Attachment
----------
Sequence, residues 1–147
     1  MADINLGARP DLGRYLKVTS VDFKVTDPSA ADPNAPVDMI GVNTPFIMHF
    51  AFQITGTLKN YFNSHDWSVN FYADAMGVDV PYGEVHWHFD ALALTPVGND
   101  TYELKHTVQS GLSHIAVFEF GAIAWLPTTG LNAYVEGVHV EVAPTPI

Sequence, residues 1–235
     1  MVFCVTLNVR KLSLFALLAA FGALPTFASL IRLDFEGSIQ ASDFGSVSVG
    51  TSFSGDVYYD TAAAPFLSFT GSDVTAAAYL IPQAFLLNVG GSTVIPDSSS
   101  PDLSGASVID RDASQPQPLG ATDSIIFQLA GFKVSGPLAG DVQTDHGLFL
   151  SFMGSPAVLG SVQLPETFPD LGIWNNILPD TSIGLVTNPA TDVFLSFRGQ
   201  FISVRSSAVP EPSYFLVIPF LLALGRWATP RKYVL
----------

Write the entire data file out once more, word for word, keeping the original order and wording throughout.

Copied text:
Sequence, residues 1–147
     1  MADINLGARP DLGRYLKVTS VDFKVTDPSA ADPNAPVDMI GVNTPFIMHF
    51  AFQITGTLKN YFNSHDWSVN FYADAMGVDV PYGEVHWHFD ALALTPVGND
   101  TYELKHTVQS GLSHIAVFEF GAIAWLPTTG LNAYVEGVHV EVAPTPI

Sequence, residues 1–235
     1  MVFCVTLNVR KLSLFALLAA FGALPTFASL IRLDFEGSIQ ASDFGSVSVG
    51  TSFSGDVYYD TAAAPFLSFT GSDVTAAAYL IPQAFLLNVG GSTVIPDSSS
   101  PDLSGASVID RDASQPQPLG ATDSIIFQLA GFKVSGPLAG DVQTDHGLFL
   151  SFMGSPAVLG SVQLPETFPD LGIWNNILPD TSIGLVTNPA TDVFLSFRGQ
   201  FISVRSSAVP EPSYFLVIPF LLALGRWATP RKYVL